Supporting women Advisory Neighborhood Commissioners, and particularly those who are serving for the first time, is more than just lip service. On a hunch, I did some poking around, and we are experiencing a pretty dramatic drop in women Commissioners this incoming term — from 65% women Commissioners currently to 41% expected in 2023. The importance of a network of support for women Commissioners is very clear, and it will be necessary to continue to advocate for the resources necessary to ensure inclusive and representative Commissions. We also need to acknowledge the increased level of harassment, particularly online, that women leaders face and work together to make our communities intentionally welcoming.

Erin joins Commissioner-Elect Alyce McFarland, ANC 8B06, at the Ward 8 Democrats End of Summer Mixer

Several closely contested races engaged residents and fostered longstanding commitments to service. Several races came down to the wire and were incredibly close, including Dev Myers’ race against a longtime incumbent in Single Member District 7F07, which ended with only an eight-vote split. I spent part of Election Day with Dev’s mom at the Benning Stoddert Recreation Center, and the vote center was electric. Many candidates, as well as their families and friends, engaged with each other, voters, and passersby. It was nothing short of a prime example of why competitive elections matter and how they show our residents we care.

Joshua Wiley, a first-time candidate for Ward 6 Member of the State Board of Education ran an incredible race against a well-funded opponent. Earning 47 percent of the vote (11,599 votes!), Joshua showed us the energy, vision, and compassion that someone who works in our schools every day brings to one of our most important local elected races. Joshua will continue to support and love on his schools’ kids, and I’m deeply thankful to know him and to have him working in my neighborhood every day.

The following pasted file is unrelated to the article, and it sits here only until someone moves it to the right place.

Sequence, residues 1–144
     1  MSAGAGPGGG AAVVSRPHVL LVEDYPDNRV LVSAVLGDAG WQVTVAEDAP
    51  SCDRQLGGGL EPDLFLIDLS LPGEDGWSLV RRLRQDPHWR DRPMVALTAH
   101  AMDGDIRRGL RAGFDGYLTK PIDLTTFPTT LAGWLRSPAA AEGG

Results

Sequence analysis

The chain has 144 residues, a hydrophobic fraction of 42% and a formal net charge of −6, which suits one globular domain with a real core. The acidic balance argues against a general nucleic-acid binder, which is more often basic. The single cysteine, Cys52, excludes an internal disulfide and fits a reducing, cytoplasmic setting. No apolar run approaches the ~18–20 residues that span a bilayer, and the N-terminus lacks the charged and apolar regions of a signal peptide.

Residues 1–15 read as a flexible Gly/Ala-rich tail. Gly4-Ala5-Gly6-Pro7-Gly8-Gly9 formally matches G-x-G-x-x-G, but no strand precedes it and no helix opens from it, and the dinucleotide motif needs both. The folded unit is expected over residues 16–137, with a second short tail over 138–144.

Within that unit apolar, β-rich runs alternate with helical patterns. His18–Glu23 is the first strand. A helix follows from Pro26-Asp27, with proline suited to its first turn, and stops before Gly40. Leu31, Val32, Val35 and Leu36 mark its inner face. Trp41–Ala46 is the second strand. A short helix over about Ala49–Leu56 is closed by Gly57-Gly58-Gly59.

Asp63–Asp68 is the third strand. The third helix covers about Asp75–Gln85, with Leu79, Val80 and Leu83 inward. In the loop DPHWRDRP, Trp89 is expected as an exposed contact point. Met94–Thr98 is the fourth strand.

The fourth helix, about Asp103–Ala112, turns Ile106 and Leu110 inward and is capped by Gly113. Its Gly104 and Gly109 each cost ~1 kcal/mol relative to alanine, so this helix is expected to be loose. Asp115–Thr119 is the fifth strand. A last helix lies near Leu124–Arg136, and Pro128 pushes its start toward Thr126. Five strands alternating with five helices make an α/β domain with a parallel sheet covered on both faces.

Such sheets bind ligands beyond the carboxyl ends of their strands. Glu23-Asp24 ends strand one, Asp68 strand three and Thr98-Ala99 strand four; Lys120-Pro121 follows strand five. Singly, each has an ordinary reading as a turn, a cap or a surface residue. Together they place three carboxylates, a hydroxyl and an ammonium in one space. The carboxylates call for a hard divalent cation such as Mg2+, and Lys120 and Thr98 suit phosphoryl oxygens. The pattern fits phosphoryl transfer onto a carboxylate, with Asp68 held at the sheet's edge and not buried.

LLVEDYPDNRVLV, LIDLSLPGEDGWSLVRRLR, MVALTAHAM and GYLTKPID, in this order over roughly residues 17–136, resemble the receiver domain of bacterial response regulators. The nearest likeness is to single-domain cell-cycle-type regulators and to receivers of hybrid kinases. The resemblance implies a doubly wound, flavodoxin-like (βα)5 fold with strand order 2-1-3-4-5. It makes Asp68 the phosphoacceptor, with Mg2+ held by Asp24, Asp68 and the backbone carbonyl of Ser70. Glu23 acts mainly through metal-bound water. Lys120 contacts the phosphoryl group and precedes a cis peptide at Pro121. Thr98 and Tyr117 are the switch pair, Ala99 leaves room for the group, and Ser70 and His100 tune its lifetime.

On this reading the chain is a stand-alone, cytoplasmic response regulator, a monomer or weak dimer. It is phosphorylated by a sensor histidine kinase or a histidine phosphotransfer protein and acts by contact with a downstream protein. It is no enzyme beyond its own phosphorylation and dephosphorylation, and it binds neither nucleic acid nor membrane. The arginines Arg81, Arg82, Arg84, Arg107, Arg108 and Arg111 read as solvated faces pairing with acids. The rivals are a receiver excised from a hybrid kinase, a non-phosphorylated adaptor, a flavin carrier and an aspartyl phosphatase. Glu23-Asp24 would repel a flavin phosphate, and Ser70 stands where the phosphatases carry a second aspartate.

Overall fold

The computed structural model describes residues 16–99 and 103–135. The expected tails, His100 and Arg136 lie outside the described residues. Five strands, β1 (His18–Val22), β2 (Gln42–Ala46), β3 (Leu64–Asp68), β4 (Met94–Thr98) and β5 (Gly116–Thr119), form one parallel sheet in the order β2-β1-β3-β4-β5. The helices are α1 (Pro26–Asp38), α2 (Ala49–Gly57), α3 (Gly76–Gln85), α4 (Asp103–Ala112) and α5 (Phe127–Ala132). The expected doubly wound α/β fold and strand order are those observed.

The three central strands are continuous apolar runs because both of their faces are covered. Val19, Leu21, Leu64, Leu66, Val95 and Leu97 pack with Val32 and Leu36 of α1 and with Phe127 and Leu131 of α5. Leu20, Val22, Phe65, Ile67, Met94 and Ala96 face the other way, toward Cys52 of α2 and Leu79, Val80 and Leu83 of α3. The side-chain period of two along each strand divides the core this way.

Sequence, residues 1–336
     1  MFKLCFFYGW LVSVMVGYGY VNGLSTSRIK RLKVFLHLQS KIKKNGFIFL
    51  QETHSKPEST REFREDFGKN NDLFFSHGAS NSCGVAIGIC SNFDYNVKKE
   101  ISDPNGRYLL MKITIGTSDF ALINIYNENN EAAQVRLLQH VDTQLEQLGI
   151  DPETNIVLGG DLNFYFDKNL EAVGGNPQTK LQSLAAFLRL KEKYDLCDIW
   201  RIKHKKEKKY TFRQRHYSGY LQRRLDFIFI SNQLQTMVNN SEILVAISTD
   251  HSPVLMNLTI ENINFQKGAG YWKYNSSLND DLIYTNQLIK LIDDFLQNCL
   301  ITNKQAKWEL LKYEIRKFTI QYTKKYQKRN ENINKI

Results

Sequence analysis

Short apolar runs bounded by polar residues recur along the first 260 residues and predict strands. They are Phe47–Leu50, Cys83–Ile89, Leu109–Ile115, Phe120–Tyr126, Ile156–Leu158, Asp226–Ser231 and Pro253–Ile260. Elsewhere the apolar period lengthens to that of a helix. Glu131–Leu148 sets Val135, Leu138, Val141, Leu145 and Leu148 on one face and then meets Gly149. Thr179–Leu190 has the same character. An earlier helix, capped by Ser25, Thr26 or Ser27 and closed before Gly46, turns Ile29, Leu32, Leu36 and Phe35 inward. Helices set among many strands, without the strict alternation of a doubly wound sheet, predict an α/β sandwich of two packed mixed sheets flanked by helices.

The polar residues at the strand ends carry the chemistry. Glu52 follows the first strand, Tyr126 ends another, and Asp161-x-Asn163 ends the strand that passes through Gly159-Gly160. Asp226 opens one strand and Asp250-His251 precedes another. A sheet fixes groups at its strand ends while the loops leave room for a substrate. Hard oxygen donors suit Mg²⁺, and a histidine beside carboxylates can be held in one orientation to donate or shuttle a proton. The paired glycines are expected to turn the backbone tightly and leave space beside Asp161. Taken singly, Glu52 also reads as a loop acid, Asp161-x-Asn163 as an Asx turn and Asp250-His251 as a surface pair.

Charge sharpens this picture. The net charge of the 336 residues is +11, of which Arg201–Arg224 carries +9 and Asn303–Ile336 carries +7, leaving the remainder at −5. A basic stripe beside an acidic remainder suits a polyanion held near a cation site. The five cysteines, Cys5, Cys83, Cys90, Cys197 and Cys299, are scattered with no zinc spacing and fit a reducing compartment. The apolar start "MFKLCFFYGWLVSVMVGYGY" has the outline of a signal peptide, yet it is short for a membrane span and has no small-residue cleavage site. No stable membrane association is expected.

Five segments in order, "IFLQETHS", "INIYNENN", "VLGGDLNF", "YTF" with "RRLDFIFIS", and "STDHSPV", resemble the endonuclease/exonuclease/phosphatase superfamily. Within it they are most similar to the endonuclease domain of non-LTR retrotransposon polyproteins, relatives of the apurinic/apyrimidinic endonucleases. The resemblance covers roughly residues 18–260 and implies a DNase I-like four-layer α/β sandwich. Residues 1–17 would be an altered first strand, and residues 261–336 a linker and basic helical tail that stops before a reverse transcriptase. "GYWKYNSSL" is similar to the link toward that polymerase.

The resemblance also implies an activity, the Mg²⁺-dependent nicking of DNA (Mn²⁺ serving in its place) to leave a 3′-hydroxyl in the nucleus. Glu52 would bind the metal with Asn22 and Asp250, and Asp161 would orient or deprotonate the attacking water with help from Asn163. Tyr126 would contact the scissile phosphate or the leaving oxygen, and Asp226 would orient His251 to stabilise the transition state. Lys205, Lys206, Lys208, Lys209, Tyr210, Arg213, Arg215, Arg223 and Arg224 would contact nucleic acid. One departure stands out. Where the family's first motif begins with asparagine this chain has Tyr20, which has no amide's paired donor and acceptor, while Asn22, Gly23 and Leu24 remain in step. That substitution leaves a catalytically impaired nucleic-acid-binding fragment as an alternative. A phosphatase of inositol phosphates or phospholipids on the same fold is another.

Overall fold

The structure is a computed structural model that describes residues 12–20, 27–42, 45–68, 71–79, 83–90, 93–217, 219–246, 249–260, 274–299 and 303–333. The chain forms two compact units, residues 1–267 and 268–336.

Takema Keyes, ANC 8B01; Nikki Del Casale, ANC 6A03; Justine Perkowski, ANC 5B07; and Carrie Dellesky, ANC 5D06, also ran incredibly competitive races and highlighted important issues like addressing hunger and poverty, housing as a human right, and the need for equitable traffic safety infrastructure. These candidates will continue to be involved and contribute meaningfully to our communities, whether they are holding incumbent elected officials accountable, acting in service of our communities, including advocating for those with the most need, or starting or joining community organizations.

Overall, voter turnout was down from four years ago. This General Election cycle we saw a decline in voter turnout from the last non-presidential General Election, with 40.8 percent of registered voters voting (down from 46.3 percent of registered voters voting in 2018) and 25,926 fewer voters (down from 231,700 voters in 2018 to 205,774 voters in 2022). While it’s somewhat disappointing that turnout was down when we are solidifying and enhancing vote by mail in the District, we did see increased turnout in the June Primary Election, with 32.2 percent of registered voters voting (up from 18.7 percent of registered voters voting in 2018).

Voter turnout was lower than four years ago, which means we still have work to do.

We continue to have work to do. And that’s because public service — including the civic engagement and education that comes with it — is a daily practice. That means continually working to make voting more accessible and inclusive; constantly striving for greater representation in our elected bodies, all the way from the DC Council to Advisory Neighborhood Commissions; and holding our elected officials accountable at every turn. I’m in it for the long haul, and I know these former candidates and soon-to-be elected officials are, as well.

Thank you to every candidate who ran with their hearts and souls in service of our communities, including the endorsed candidates who I haven’t yet mentioned who were elected: Ben Williams, Ward 1 Member of the State Board of Education; VJ Kapur, ANC 5C07; Billy Easley, ANC 1A10; Santiago Lakatos, ANC 1B04; and Josh Jacobson, 1E06. We have a bright future ahead of us.

With gratitude,

Our candidates for hyperlocal elected office work hard and engage residents as part of a commitment to public service as a practice. Interested in running for hyperlocal elected office? There’s a growing network of support, and I’m always here to provide whatever help I can.



Erin Palmer

Candidate for DC Council Chairwoman